The Secret Thoughts challenged me in so many ways and there isn't anyone over the age of fifteen who couldn't benefit from it.

Catching Fire

Okay, so clearly The Hunger Games trilogy isn't some big literary masterpiece, but I kind of really liked Catching Fire. As I wrote on Goodreads,

This is so much better than The Hunger Games. The writing is more readable, the characters are more likable and the love triangle-- though still sappy-- is much more engaging and relevant to the rest of the plot. 

I understand that Catching Fire is almost a rehashed version of its predecessor and that Peeta is still way too physically incompetent and Katniss is still rather emotionally incompetent. And I understand the pacing is weird. I even understand this isn't really a literary masterpiece. However it is so engrossing and genius that I loved it. 

This Changes Everything

I had the awesome opportunity to advance read this for free(although I ended up buying a physical copy too!). This is the best Christian-living book(or resource) directed at teens that I've read-- it isn't patronizing but challenging and has become pretty influential in my own life.

This Changes Everything offers nothing original or necessarily mind-blowing besides the simple gospel and its power to transform daily life.

The Schwa Was Here

I read this on a whim thanks to my friend's recommendation and it was probably the most touching and engrossing piece of fiction I tried this year. I don't even know how to describe it except that it's about a middle schooler but if feels more mature than MG and it's really genuine but bizarre and you'll just have to check it out for yourself.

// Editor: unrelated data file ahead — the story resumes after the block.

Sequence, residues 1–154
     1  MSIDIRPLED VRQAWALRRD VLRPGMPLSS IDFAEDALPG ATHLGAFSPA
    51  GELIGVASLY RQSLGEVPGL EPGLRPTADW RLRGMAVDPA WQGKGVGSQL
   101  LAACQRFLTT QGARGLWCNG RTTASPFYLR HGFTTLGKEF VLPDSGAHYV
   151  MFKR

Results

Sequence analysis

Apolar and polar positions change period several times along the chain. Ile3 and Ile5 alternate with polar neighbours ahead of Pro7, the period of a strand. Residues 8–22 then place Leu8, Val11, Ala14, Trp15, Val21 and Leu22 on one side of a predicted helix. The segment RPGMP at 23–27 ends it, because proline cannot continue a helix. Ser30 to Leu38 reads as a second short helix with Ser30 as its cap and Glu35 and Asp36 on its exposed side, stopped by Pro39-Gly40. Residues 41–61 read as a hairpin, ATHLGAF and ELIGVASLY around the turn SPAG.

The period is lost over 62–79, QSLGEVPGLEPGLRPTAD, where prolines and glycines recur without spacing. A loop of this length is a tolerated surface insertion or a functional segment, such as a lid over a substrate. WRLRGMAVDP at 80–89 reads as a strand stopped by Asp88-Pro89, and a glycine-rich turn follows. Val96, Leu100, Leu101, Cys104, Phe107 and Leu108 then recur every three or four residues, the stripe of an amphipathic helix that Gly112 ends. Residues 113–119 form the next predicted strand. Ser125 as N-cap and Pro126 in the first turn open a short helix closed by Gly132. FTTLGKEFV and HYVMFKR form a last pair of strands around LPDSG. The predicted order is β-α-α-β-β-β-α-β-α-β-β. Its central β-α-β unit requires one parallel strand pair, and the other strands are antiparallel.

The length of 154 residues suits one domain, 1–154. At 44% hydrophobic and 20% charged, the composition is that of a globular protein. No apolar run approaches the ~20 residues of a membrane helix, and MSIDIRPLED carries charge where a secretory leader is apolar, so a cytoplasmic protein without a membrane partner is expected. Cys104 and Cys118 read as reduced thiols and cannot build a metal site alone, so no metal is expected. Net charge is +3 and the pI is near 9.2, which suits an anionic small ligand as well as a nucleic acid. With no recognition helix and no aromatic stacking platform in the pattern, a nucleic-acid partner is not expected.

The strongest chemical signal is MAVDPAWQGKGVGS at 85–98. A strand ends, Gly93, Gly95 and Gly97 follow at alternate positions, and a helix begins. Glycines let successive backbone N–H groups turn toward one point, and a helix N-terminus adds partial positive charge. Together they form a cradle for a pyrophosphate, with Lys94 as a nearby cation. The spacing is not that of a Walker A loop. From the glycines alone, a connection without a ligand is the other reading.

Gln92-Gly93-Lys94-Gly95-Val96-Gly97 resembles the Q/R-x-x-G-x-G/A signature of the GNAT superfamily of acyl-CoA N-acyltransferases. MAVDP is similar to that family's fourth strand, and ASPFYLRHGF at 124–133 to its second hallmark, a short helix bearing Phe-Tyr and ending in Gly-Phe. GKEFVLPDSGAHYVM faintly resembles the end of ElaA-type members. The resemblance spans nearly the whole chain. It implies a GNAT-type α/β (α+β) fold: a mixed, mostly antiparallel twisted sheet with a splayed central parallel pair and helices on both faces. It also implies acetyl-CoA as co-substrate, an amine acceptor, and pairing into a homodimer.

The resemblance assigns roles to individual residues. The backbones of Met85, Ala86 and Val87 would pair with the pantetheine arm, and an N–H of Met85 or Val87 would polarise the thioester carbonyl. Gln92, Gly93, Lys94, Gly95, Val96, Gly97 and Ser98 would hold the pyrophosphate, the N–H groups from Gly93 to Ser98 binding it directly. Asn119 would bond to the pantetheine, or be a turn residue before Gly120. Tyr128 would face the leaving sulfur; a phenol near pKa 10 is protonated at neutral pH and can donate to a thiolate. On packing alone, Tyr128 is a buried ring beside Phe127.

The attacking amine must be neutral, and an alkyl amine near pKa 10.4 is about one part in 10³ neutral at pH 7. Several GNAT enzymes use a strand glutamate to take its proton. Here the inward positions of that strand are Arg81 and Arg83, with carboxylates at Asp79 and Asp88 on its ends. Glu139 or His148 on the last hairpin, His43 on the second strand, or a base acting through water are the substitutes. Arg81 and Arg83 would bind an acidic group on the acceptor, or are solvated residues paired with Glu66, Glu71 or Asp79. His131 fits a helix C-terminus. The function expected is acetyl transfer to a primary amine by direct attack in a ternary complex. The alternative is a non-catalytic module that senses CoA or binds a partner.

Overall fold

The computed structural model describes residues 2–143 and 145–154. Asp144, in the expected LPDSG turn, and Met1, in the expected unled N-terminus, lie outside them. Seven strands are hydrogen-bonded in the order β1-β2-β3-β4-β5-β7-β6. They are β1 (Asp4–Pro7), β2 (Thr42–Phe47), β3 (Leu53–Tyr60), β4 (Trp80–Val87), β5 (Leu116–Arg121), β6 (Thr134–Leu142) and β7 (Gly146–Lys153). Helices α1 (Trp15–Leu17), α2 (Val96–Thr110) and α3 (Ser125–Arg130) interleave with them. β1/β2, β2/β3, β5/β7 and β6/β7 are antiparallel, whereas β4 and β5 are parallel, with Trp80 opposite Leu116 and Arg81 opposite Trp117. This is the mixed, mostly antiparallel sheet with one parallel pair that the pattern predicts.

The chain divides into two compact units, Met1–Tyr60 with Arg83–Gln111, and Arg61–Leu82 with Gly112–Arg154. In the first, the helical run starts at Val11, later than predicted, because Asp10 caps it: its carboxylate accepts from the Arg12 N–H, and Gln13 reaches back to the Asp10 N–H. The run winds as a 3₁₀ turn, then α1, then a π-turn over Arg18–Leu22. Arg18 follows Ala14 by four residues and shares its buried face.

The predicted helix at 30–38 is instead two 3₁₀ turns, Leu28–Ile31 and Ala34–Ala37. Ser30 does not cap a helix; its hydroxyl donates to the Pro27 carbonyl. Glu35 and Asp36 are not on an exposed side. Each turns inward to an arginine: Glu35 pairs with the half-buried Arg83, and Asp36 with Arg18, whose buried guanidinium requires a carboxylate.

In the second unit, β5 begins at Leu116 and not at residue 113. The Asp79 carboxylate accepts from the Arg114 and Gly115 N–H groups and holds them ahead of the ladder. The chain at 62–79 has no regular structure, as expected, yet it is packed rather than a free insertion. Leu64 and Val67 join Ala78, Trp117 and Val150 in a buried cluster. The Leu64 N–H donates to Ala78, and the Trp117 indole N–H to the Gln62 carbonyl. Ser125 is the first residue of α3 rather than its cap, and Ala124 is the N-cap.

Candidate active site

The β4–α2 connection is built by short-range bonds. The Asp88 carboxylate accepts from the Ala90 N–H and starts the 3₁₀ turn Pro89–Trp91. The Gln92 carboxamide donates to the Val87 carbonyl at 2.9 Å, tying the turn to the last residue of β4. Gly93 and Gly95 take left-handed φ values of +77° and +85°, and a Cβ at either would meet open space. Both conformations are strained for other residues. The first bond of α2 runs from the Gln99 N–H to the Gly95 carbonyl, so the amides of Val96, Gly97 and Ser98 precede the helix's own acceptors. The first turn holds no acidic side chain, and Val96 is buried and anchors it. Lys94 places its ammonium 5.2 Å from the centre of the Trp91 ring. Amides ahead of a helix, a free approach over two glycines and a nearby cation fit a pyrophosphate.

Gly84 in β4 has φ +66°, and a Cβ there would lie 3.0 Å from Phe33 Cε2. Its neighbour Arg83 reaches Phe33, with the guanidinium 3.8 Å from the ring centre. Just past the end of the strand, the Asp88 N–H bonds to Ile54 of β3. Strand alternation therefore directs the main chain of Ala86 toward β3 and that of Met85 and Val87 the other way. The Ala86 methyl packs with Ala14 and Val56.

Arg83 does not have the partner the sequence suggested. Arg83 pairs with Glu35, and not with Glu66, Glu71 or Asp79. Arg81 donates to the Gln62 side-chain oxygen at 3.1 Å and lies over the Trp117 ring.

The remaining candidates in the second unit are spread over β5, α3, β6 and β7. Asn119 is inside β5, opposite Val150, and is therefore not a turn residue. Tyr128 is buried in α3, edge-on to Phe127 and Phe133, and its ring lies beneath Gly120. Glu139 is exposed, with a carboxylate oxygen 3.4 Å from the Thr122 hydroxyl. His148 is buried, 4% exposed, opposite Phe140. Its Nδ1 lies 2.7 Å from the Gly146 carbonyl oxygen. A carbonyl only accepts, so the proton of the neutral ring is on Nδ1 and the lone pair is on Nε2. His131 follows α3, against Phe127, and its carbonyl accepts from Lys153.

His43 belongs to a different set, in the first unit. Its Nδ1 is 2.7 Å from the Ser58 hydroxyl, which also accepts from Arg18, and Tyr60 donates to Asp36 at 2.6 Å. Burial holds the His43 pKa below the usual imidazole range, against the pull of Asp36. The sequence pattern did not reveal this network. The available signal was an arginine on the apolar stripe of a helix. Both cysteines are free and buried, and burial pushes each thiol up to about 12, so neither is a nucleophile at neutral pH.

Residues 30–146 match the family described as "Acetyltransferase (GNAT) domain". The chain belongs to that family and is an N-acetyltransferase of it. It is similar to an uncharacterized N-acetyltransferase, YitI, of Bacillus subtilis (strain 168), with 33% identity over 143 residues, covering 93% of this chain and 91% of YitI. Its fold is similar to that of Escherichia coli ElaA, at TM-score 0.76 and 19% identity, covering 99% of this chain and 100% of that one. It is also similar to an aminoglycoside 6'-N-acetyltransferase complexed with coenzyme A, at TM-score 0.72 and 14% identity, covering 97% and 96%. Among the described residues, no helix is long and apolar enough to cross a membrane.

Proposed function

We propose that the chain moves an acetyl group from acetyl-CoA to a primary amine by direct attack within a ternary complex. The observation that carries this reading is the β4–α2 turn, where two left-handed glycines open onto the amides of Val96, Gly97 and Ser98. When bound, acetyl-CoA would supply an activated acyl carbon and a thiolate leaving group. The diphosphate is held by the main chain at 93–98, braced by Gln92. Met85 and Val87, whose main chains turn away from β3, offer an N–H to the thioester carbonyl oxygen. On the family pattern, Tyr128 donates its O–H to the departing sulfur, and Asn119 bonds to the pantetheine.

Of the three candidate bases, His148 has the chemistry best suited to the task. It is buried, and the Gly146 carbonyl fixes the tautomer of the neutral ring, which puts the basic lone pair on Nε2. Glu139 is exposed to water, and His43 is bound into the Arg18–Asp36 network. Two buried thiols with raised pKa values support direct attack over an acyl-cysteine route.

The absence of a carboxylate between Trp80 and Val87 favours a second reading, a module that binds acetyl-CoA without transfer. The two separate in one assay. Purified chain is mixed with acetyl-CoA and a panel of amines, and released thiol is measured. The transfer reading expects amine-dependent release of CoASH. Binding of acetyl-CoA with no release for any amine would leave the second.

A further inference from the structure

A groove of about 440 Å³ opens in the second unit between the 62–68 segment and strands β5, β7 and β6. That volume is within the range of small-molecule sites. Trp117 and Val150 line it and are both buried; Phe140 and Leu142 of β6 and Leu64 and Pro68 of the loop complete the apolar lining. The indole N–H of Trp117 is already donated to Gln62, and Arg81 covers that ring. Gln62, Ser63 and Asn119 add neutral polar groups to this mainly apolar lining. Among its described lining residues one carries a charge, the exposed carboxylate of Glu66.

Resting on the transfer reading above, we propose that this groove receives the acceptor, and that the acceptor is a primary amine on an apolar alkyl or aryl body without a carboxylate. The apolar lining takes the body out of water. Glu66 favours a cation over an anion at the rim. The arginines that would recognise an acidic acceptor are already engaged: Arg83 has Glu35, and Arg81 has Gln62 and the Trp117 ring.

And just for kicks, here are my favorite re-reads of the year:

Emily of New Moon 

Because L. M. Montgomery was genius.

Harry Potter and the Prisoner of Azkaban 

Possibly the best Harry Potter book? Also just really good in, like, every way.

What were your favorite books you read this year? Have you read any of these? And does anyone want to discuss The Last Jedi with me?

Friday, December 15, 2017

The Last Jedi: First Impressions[Spoiler Free]

I had the pleasure to see The Last Jedi tonight! Despite my dad and I walking in half an hour early, we only found two seats together in the next-to-front row, so the experience was quite up close and personal.

I came very close to tearing up during the opening crawl. This is one of a couple franchises I could say I grew up with and I guess it's a bit nostalgic.

Anyways, I'm pretty happy with what Rian Johnson has done! Here are a couple thoughts--

1. The plot felt a little cluttered, but moved along nicely.

2. A handful of jokes broke up otherwise-climatic moments and I could have gone without about half of them.

3. Speaking of which, I think this and The Force Awakens have a different, less subtle sense of humor than the originals did. That isn't necessarily a bad thing, but it does stand out as a little incongruous.

4. It was aesthetically stunning.

5.  Rian Johnson introduces some news creatures and ideas to the universe that I really liked.

6. This was likely the most character-driven Star Wars installment, excepting maybe Revenge of the Sith.

In conclusion, I definitely recommend The Last Jedi! It did fall short of what I'd hoped in a few ways, but overall I think this is one of the better films to come out of the Star Wars universe and one I look forward to sharing with my kids someday.

If you've seen The Last Jedi, what did you think? How would it rank with the other episodes?